Digging for Words

One writer's quest to bring the past to life through imagination

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The Freedom to Dream

In Michael Chabon’s Manhood for Amateurs: The Wilderness of Childhood, he writes “Childhood is a branch of cartography.” Chabon muses about the long passages of time when, as a child, he was able to roam free, inventing his own reality as much as exploring it, creating an emotional map of the places where things happened.

This emotional map is largely absent today in a time when children’s lives are circumscribed by schedules and “playdates”. For all our honest concern for our children’s safety and enrichment, we have largely removed that necessary freedom to explore, create and imagine from our children’s lives.

The Freedom to Dream

The Freedom to Dream

But children are resilient. And they are natural explorers. As Chabon writes, “Childhood is, or has been, or ought to be, the great original adventure.” At a recent outdoor concert in a nearby park, I allowed my two young sons to drift away from me, only to discover them minutes later – one ankle deep in a nearby creek and the other halfway up a tree. They had no interest in listening to the music. They wanted to explore the boundaries of their world. They were playing out scenarios of adventure I saw on their faces and read on their lips as I discreetly watched them from the underbrush so I didn’t interrupt their explorations.

This desire for adventure is at the heart of our love of story. Even as adults, we feel a need to share the stories that inform our existence or explain to us, and to anyone who reads our words, the contexts and conditions of our lives.

Adventures are best created in the absence of structure. The essence of imagination is the freedom to dream. Just now the summer spreads before us like a glimmering, golden field. It is an invitation. Go forward and embrace it. Explore it with unstructured joy. Then write what comes to mind, adding details to enrich the map that little by little will tell the many stories of all our lives.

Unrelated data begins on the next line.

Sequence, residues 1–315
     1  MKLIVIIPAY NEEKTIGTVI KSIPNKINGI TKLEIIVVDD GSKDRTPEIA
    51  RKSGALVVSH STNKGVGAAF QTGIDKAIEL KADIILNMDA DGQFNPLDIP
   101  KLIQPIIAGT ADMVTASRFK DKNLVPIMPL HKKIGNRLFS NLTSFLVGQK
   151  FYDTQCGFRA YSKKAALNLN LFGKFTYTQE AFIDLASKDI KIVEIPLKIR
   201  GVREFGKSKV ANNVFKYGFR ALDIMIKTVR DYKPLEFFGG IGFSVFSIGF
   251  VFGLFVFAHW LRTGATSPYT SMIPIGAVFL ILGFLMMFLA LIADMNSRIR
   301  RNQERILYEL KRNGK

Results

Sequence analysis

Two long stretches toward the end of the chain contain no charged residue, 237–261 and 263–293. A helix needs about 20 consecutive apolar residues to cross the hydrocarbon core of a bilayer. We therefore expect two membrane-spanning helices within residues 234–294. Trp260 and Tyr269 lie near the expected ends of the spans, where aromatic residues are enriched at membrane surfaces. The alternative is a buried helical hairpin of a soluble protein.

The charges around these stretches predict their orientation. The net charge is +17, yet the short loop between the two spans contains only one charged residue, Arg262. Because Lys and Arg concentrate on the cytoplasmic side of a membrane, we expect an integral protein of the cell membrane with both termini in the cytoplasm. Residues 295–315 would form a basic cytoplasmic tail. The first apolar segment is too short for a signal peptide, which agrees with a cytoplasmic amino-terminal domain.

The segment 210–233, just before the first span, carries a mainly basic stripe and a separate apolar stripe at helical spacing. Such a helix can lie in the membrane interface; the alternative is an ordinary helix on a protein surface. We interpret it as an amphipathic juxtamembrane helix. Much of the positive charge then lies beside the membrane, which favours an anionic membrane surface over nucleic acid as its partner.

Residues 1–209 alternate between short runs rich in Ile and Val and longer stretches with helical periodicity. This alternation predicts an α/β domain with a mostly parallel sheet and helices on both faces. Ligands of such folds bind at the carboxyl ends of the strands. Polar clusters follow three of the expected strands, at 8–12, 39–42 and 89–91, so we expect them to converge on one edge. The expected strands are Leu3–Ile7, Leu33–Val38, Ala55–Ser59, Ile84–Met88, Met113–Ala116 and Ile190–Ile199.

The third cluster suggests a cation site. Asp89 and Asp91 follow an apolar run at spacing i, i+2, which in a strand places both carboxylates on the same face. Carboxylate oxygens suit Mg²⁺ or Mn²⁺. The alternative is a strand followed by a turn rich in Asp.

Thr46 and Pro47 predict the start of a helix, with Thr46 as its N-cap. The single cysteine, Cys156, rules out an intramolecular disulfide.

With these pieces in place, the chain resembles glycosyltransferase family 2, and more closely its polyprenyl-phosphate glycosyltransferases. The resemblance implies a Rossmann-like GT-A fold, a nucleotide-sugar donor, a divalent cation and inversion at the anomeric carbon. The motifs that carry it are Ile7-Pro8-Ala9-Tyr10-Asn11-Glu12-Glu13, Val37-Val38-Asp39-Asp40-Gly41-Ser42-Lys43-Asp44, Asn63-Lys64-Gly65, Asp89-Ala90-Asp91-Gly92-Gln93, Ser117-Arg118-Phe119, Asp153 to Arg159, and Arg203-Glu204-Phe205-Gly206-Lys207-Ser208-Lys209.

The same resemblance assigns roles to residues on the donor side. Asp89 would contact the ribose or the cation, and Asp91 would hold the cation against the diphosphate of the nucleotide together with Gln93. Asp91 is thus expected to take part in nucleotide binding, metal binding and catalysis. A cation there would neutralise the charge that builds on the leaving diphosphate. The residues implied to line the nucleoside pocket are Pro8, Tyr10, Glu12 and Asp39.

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Lessons from Poets

Poetry can feel, at times, as rarified as air, precious for its purity, its essentialness, its glittering, fluid, whimsical magnificence. It gives weight to simplicity and simplicity to weight, nourishing on levels more ephemeral and yet more visceral than prose.

As I write my novels, I have often pondered the poetry in my words. All writers work with rhythms, whether they intend to or not. There’s an inherent flow that makes a sentence or paragraph just right, or that forces us to half-consciously cut out a word or add one, that lets us know that there’s something missing right there – not necessarily a bit of action or a detail’s flourish, but a sound, a sensibility, a feeling. We search for it, hoping and trusting that our more prosaic muse will eventually find the perfect mix of meaning and form.

Poetry can teach us how to sift out that pure perfection. It’s like crystal. Like diamond. Dazzling, but hard to come by. Can we dig down that far inside ourselves to uncover those flawless jewels?

Since I first heard Jane Hirshfield read years ago at the Geraldine R. Dodge Poetry Festival, I’ve been fascinated with her work. Her free verse moves with cadence and deep meaning, rather than following a prescribed meter or rhyme. Yet somehow she encapsulates the essence of her thoughts – of some of life’s deepest thoughts – in a few carefully chosen words. I often listen or read her work in wonder, longing to distill my own to such purity.

Ms. Hirshfield read again at the Poetry Festival last September. And though I wasn’t able to attend, we can all hear her now, thanks to YouTube. I particularly love her very brief poem, “A Cedary Fragrance.” In an expression so pure, she aims her words with a embroiderer’s delicate needle. As she speaks the closing line, I feel the precision of her thought piercing directly to my wisest mind.

Listen to her words. Enjoy them for their essence. And try to apply their lessons to your own work – embrace that semi-conscious awareness that each word effects your work profoundly, and that rhythms and careful phrasing aren’t merely troublesome necessities, but the most powerful tools of your craft.

Read more about Jane Hirschfield and other extraordinary poets at the GR Dodge website. Or subscribe, as I do, to Poetry Fridays.